Tree roots in sewer drains have legal rights

Tree roots in sewer drains are an issue we are confronted with on a weekly basis. They can be confronting for plumbers as we are frequently faced with situations where clients want us to give quasi-legal rulings on issues of non-compliance of tree roots in sewer drains where there is, in reality, no black or white answer. The reality is there are multiple opinions in multiple shades of grey.

perennial issue for all plumbers as long as I can remember is the issues created by trees and tree roots. Trees can do considerable damage to plumbing infrastructure especially to underground water pipes and drains. Often the damage has been slowly occurring over many years before you are affected.

A common issue we are confronted with, numerous times every month, is tree roots in sewer drains and stormwater drains.

A fact that some people fail to grasp is that tree roots don’t respect or understand property boundaries. Trees they just grow and their tree roots search for water and nutrients from the soil. Regrettably, your sewer drains are a great source of both water and nutrients for tree roots.

Tree Roots in Sewer Drains 3

The photo on the left is a perfect example of how far tree roots will infiltrate a drain.

These tree roots we removed from a stormwater drain had infiltrated 12 meters down the drain and were causing flooding to the property every time there was a rainfall event.

These tree roots came from multiple trees situated in multiple surrounding properties. The roots infiltrated the drain in three different locations where the pipe was cracked and broken. Broken pipes are how tree roots infiltrate a drain. Tree roots by themselves cannot break a pipe open.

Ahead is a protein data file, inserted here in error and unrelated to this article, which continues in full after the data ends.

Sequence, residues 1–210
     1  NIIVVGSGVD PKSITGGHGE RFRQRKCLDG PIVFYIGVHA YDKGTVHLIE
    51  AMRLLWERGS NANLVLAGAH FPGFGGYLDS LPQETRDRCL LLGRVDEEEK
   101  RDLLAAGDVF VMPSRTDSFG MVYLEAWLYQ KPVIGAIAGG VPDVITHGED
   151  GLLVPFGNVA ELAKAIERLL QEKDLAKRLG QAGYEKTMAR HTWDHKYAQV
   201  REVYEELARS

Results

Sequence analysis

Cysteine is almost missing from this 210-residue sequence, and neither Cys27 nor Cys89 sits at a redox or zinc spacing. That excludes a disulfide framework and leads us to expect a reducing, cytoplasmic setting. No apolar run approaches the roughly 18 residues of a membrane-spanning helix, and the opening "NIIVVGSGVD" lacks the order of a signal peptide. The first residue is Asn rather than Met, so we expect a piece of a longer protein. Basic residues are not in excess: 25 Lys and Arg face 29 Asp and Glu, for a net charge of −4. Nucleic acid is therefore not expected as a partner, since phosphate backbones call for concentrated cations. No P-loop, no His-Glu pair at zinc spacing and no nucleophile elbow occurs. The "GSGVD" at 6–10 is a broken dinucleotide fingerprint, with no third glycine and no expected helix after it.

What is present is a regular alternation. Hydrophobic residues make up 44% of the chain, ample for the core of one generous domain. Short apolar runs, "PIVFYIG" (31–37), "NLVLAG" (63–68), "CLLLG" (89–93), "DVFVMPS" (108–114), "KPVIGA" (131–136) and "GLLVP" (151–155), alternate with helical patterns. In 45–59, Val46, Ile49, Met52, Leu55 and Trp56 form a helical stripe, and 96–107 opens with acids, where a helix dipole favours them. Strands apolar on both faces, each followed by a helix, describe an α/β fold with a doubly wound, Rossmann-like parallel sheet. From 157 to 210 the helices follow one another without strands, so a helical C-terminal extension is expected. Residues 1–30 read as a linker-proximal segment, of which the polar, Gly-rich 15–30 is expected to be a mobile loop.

Large trees are a source of neighbourhood disputes

The Gold Coast has in recent times allowed urban blocks to become smaller and smaller.  Over the years as the trees in landscaped urban blocks mature, problems begin to occur. Any large tree can become a real source of angst and stress. This results in trees becoming a source of disagreements between otherwise friendly neighbours with the most common disputes being:

  • Branches overhanging the boundary fence and pushing over dividing fences
  • Branches, fruit and leaf litter dropping into the neighbouring property
  • Roots causing damage to underground drains, water mains, electrical conduits and telecommunications conduits
  • Roots damaging fences, house foundations and concrete paths and driveways
  • Branches blocking sunlight for solar PV panels, solar hot water panels, windows, Foxtel microwave dishes and TV aerials

Issues with branches are clearly visible to everyone so they are generally much easier to resolve. In most instants, an amicable discussion with your neighbour can resolve most branch issues as there is a common interest.

Roots in sewer drains or stormwater drains are vastly different. These underground root infiltrations are neither visible nor easily traceable to their source. 

Tree roots in sewer drains & stormwater drains

When we find your drain blocked with tree roots there are often multiple types of roots inside the drain causing the blockage. Without an extensive horticultural investigation to determine the type of tree that the roots are from no one can ascertain which tree’s roots have infiltrated your drain and where the tree roots originate from.